They say several progressive provisions of the 2007 interim constitution, such as Proportional Inclusion, have been watered down and that the new constitution fails to address their political and economic exclusion.
Biswokarma is cautious about the new constitution. “This constitution gives priority to proportional representation, although we don’t know how it will be put into practice.
“We Dalits think the clauses on proportional inclusion [or representation] – which ensures Dalit representation in state organs – is better than before,” he says, before adding: “We wanted special rights for Dalits but didn’t get it.”
Following anti-constitution protests that erupted in September 2015, the country is divided between the Madhesis, who demand constitutional amendments, and those from the hills and mountains of Nepal, often referred to as the hill people, who oppose any changes. Hill-based parties have resorted to nationalistic rhetoric, and anti-minority sentiment, particularly targeting Madhesi people.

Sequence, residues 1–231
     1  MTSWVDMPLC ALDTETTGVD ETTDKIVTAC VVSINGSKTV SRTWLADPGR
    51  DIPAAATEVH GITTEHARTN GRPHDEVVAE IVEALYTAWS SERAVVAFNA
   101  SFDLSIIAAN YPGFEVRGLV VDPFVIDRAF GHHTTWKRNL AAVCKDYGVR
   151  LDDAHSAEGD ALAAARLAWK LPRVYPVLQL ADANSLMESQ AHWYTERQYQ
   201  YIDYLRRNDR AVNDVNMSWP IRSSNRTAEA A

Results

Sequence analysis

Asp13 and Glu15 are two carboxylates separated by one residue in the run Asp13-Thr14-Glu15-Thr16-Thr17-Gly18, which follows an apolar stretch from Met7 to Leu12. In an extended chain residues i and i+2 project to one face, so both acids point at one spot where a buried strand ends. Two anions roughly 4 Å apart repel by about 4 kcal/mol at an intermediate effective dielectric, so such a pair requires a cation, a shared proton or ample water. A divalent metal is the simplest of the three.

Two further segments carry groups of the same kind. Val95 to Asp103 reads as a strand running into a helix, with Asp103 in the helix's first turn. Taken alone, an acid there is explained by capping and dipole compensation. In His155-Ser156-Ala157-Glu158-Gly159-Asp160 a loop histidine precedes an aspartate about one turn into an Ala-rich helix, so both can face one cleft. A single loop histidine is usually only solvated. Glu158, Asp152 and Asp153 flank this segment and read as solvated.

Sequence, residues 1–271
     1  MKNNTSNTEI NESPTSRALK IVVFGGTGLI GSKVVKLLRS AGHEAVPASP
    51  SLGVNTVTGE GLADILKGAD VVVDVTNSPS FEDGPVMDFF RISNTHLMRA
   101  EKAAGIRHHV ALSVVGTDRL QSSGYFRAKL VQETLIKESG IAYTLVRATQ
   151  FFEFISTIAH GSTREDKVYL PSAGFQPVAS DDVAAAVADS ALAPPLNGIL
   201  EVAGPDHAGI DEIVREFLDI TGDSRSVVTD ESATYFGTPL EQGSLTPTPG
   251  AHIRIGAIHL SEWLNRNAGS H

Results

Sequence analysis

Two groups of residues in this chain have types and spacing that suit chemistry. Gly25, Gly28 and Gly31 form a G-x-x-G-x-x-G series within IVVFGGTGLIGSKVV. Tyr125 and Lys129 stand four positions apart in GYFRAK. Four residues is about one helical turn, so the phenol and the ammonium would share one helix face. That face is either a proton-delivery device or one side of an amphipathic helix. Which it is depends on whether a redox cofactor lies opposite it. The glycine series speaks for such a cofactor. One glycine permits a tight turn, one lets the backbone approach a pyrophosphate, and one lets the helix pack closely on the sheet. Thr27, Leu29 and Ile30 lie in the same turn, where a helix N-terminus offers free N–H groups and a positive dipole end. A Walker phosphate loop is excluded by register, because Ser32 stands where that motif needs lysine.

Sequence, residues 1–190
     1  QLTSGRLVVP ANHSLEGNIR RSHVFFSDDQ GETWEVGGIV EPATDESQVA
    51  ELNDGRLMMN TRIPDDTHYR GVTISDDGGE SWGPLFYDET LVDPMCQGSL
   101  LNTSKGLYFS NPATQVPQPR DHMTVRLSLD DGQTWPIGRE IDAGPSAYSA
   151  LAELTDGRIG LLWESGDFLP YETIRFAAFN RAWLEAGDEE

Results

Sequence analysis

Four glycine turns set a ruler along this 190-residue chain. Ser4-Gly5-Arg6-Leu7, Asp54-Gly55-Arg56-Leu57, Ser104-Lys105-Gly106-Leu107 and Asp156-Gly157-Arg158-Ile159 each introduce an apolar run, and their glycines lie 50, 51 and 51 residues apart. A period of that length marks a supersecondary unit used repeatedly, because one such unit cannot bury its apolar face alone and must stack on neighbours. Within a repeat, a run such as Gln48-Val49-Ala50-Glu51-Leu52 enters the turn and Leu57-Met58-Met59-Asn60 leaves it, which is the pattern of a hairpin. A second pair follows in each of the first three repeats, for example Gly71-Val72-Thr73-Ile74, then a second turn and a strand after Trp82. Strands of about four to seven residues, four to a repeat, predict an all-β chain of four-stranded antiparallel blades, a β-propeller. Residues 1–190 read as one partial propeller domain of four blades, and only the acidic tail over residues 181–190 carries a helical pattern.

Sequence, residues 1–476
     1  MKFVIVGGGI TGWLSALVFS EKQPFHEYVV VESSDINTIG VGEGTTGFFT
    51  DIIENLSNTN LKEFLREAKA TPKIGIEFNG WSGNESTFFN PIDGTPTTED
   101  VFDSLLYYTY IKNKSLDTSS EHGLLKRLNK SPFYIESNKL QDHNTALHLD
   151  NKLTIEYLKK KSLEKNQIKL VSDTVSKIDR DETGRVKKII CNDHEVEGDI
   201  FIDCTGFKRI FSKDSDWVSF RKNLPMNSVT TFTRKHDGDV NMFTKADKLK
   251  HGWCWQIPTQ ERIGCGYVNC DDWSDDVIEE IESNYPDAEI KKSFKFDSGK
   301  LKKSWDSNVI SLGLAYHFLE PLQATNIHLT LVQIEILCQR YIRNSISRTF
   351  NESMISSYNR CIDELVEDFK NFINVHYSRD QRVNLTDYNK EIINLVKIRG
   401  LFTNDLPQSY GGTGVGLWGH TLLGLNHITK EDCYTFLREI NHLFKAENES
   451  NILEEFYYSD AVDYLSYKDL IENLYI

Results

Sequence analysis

As the Maoists have failed to deliver on many of their wartime promises they have lost much of the goodwill they had enjoyed from marginalised groups.
Khagendra Sangraula, a prominent Marxist intellectual, describes the Maoists as having been “co-opted” by the same political system against which they waged their decade-long war.
Their promise of an inclusive state structure remains unfulfilled and Dalits remain one of the most marginalised communities in this country of 29 million.
But for now, Biswokarma still holds on to his Maoist ideology, although the status quo has started to bother him.
“Looking at it from yesterday’s eyes, [I ask] did the martyrs die just for this?,” he says, before answering his own question. “No. Our friends didn’t die just for this.”
“Their dream – our dream – was to establish a state for the unhappy poor, to liberate those facing discrimination.”
Additional reporting by Gyanu Adhikari.